Changes to boating, yachting outlined amid COVID-19

The boating and yachting component of tourism, which will be part of the June 15 phased reopening of the tourism sector, will implement significant changes to procedures in order to keep that sector safe amid the novel coronavirus (COVID-19) pandemic. In order to incentivize boaters’ return to The Bahamas, the Association of Bahamas Marinas (ABM) has suggested to the government a short holiday on cruising permit fees.

The comprehensive strategy for reopening the country’s marina and boating sector is published in the Tourism Readiness and Recovery Committee’s plan, which was revealed Tuesday during a press conference held by the Ministry of Tourism and Aviation. It calls for a number of new restrictions that will be implemented to keep visitors and locals safe from COVID-19 transmission.

The ABM stated it has already received “deep interest and reassurance from the boating community, expressing its readiness to resume activities upon the relaxation of COVID-19-related restrictions”.

That community, which comes largely from Florida, will meet and place new rules on docking, refueling, ordering food and wearing personal protective equipment (PPE).

The plan requires that masks and gloves be worn by crew and guests when off the vessel; that boats remain 50 feet apart; it prohibits tying boats together (rafting); requires fuel attendants to wear masks, gloves, hats and glasses and prohibits them from boarding a vessel to fuel it; requires vessels to give marinas 48 hours notice of their arrival; and requires boaters to complete the Maritime Declaration of Health, a document containing data related to the state of health on board a ship during passage and on arrival at port; among other changes.

The plan also governs boaters’ actions at beaches, requiring them not to beach their vessels; not to tie their vessels together; and for kayakers, small boats and canoes to remain 50 feet apart. It also calls for jet ski rentals to include one rider only.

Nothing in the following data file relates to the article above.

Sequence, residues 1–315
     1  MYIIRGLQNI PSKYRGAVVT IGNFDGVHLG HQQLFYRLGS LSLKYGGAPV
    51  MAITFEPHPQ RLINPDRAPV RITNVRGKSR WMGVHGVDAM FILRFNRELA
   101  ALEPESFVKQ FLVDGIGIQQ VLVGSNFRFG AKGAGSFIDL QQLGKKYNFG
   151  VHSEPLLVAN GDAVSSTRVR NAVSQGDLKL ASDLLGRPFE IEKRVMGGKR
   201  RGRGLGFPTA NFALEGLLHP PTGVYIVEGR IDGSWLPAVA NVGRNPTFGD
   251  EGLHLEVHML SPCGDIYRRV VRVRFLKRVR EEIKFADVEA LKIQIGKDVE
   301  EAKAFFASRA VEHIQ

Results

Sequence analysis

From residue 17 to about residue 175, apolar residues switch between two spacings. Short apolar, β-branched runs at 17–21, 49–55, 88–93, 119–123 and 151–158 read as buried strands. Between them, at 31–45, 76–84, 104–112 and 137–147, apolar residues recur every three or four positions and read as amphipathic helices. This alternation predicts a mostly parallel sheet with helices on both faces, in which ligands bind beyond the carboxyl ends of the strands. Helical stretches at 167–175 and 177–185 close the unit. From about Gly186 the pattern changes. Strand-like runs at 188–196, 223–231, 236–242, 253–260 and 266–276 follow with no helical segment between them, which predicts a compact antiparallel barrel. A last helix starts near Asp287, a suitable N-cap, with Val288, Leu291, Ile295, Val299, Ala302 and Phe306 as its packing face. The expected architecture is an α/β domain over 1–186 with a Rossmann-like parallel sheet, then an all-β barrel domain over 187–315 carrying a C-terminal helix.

According to the plan, charter vessels are allowed no more than four guests per vessel.

“Drift fishing vessels shall provide for social distancing, which shall include delineating safe social distancing positions, including, but not limited to, tape or markings for patrons on seats, vessel railings and the deck,” the plan states.

“All persons fishing shall have his/her own fishing poles and tackle. Equipment rental is prohibited.”

The working environment will change for marina staff as well, as the plan calls for all personnel to don face masks and change them twice per day; observe a regular hand washing regimen; remain six feet apart from each other and guests; and to “isolate anyone who is coughing or sneezing until appropriate tests can be performed”. Marinas are required by the plan to increase cleaning and sanitization.

The ABM stated it will begin a sweeping marketing campaign along its “large network of Bahamas-friendly marinas in South Florida, yacht owners, boaters, charter management companies, yacht brokers and boating and yachting magazines to announce the reopening of our country to boating traffic”.

“The ABM is capable of reaching the majority of boaters interested in traveling to The Bahamas and will work in partnership with the Ministry of Tourism to get the word out and to promote boating arrivals,” the plan states.

“As part of its public relations and marketing strategy, the ABM will rely heavily on social media and magazine editorials, through which media we are effectively able to reach the targeted consumer.”

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Chester Robards

Chester Robards rejoined The Nassau Guardian in November 2017 as a senior business reporter. He has covered myriad topics and events for The Nassau Guardian. Education: Florida International University, BS in Journalism

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